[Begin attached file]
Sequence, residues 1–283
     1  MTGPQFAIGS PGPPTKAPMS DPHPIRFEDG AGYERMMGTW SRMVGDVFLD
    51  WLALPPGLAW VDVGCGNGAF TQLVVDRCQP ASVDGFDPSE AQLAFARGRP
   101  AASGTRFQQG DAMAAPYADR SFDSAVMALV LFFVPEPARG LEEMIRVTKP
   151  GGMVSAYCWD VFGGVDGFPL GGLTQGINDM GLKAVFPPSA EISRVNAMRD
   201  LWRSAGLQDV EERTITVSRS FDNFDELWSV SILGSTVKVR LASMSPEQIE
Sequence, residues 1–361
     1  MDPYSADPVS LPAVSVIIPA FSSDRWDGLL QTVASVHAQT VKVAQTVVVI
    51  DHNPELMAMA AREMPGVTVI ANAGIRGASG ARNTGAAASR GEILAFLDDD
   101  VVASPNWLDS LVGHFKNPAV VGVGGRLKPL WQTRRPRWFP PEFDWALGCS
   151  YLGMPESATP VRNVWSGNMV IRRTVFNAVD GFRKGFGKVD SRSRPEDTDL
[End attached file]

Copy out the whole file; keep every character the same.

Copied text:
Sequence, residues 1–283
     1  MTGPQFAIGS PGPPTKAPMS DPHPIRFEDG AGYERMMGTW SRMVGDVFLD
    51  WLALPPGLAW VDVGCGNGAF TQLVVDRCQP ASVDGFDPSE AQLAFARGRP
   101  AASGTRFQQG DAMAAPYADR SFDSAVMALV LFFVPEPARG LEEMIRVTKP
   151  GGMVSAYCWD VFGGVDGFPL GGLTQGINDM GLKAVFPPSA EISRVNAMRD
   201  LWRSAGLQDV EERTITVSRS FDNFDELWSV SILGSTVKVR LASMSPEQIE
Sequence, residues 1–361
     1  MDPYSADPVS LPAVSVIIPA FSSDRWDGLL QTVASVHAQT VKVAQTVVVI
    51  DHNPELMAMA AREMPGVTVI ANAGIRGASG ARNTGAAASR GEILAFLDDD
   101  VVASPNWLDS LVGHFKNPAV VGVGGRLKPL WQTRRPRWFP PEFDWALGCS
   151  YLGMPESATP VRNVWSGNMV IRRTVFNAVD GFRKGFGKVD SRSRPEDTDL